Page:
Bovone (2006) looks at the issue of postmodern identity and the transformation of fashion, arguing that the relationship between clothes and identity is part of the larger postmodern set of ideals. As Bovone (2006) argues, precise clothing distinctions, that were traditionally anchored to social class and socio-economic status, are becoming a thing of the past: the fragmented post-modern ideal, and the lack of shared models is leading to the use of clothing as away in which to communicate to others one’s non-exclusive identity.
As Bovone’s work (2006) shows, the production and consumption of culture is changing, no longer the homogenising force it once was, with cultural fragmentation and dispersal becoming dominant, leading to individuals expressing their own identities in subversive ways (Dunn, 1999). Postmodernism ushered in a period in which the perpetually changing marketplace of goods and images offers personal freedom, of expression, and the choice to position oneself within a range of possible ‘selves’.
As Dunn (1999) argues, the postmodern has replaced the idea of ‘self-realisation’, which pre-supposed some sort of lifetime destiny, with ‘experimental self-creation’ in the Nietzschean sense. Within this, however, individuals are expected to produce new self-images all the time, in response to the ever-changing landscapes surrounding them.
Consumerism allows changeable expression of one’s fluid self, through the purchasing of objects that allow one’s self to be expressed. Consumerism provides an arena of conscious experimentation and choice in the construction and elaboration of identity (see Dunn, 1999, p.68).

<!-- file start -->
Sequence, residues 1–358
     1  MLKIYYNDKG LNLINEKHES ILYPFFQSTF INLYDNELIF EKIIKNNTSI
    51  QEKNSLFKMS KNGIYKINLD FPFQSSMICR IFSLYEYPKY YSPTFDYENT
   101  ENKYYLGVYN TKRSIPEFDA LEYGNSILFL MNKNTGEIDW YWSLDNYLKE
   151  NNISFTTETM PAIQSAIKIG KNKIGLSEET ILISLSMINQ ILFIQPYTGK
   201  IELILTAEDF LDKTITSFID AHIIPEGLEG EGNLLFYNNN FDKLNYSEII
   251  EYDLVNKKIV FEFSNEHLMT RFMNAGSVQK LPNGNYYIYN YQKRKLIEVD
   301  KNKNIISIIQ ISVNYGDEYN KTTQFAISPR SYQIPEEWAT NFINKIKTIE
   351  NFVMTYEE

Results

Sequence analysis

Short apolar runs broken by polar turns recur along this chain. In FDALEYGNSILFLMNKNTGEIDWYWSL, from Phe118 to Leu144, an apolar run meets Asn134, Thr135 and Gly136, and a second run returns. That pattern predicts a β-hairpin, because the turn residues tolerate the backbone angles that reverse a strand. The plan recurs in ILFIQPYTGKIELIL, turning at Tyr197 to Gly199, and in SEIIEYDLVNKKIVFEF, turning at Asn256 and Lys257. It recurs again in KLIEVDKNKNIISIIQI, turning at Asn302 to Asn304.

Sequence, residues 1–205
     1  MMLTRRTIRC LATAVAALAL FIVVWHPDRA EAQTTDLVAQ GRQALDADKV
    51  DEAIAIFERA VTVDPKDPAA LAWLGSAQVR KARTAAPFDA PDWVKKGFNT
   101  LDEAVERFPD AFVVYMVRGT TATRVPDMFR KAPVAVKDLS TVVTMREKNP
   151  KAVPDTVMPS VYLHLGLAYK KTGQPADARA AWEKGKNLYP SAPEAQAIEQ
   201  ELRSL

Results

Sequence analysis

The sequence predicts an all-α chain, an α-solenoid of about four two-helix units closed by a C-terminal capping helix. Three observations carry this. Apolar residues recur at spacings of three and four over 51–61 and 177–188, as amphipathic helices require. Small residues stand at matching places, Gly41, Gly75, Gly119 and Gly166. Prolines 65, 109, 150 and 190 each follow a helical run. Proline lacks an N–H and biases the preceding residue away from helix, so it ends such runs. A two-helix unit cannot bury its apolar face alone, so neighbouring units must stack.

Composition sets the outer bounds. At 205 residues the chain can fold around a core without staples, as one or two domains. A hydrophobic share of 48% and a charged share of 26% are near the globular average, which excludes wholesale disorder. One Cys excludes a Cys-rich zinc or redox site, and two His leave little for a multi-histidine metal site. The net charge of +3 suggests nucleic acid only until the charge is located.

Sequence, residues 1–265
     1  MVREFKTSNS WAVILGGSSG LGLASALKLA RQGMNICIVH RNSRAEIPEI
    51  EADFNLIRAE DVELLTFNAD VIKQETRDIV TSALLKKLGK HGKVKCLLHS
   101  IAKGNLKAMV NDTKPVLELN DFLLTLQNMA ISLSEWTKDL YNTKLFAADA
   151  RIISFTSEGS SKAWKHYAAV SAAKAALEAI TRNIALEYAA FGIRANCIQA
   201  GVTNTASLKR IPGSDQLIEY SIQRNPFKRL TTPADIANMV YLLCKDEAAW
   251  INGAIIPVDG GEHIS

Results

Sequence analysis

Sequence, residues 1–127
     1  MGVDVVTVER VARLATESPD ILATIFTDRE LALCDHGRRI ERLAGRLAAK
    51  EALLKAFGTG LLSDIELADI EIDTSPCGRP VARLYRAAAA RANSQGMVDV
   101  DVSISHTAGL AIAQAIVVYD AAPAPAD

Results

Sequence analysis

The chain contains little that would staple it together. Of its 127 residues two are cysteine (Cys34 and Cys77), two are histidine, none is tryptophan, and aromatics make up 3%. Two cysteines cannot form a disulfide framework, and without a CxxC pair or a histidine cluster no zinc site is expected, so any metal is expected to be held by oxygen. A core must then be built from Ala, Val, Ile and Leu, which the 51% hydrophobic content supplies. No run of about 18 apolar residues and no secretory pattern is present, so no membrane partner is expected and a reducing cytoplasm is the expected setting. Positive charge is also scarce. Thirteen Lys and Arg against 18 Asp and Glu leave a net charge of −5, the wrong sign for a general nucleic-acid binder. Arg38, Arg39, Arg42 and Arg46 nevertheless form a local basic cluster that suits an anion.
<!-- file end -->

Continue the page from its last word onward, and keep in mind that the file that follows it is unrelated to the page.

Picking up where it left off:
This has been made possible through the rise of the consumerist society, and the commercial co-optation of new cultural attitudes and values, leading to this postmodern era being labelled ‘hedonistic’ and ‘the era of self-fulfilment’ (Dunn, 1999). Consumerism has pluralized style, providing multiple possibilities for the demonstration of personal style, either in the form of individually constructed lifestyle-based identities or as part of lifestyle identification with different collective groups and categories (Dunn, 1999).
Consumer culture allows novel identities to be constructed: either mass-marketed identities or individualised constructions of style, through the segmentation of markets and the use of sales strategies that target customers with specialised tastes (Dunn, 1999).
The commodity has thus become a vehicle for developing more fully one’s sense of self, with commodities being used, not as instruments of manipulation that distort one’s sense of self but as outward identifiers of self-formation and self-realisation. This is, however, all within the context of ‘mass culture’ being run by a few massive companies, who control the media channels and provide a corporate-led basis to postmodern society. Thus, consumer-based individualism is not pure individualism but rather a pale imitation of authentic individualism, based not on the values of achievement and self-worth but the appropriation of commodities as ways in which to express one’s self within a corporate framework.
A back-lash to this corporate framework is the development of the so-called handmade movement, as witnessed by the popularity of Etsy (www.etsy.com), a place in which artists and crafts people can sell their handmade items. However, postmodern mass culture is still very much based on mass media run by corporations. A great deal of people’s sense of identities, for example, relies on the television, which reinforces the idea of consumer culture (through advertising using this media) and which democratises taste and social relations (Dunn, 1999).